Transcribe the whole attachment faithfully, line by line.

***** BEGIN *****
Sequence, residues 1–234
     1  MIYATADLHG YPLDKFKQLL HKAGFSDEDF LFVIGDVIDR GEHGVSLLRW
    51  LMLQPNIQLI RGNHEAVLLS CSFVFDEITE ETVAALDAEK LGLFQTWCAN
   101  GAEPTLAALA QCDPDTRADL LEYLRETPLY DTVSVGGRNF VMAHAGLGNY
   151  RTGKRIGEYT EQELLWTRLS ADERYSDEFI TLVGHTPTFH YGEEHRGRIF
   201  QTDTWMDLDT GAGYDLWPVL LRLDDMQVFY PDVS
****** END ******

Sequence, residues 1–234
     1  MIYATADLHG YPLDKFKQLL HKAGFSDEDF LFVIGDVIDR GEHGVSLLRW
    51  LMLQPNIQLI RGNHEAVLLS CSFVFDEITE ETVAALDAEK LGLFQTWCAN
   101  GAEPTLAALA QCDPDTRADL LEYLRETPLY DTVSVGGRNF VMAHAGLGNY
   151  RTGKRIGEYT EQELLWTRLS ADERYSDEFI TLVGHTPTFH YGEEHRGRIF
   201  QTDTWMDLDT GAGYDLWPVL LRLDDMQVFY PDVS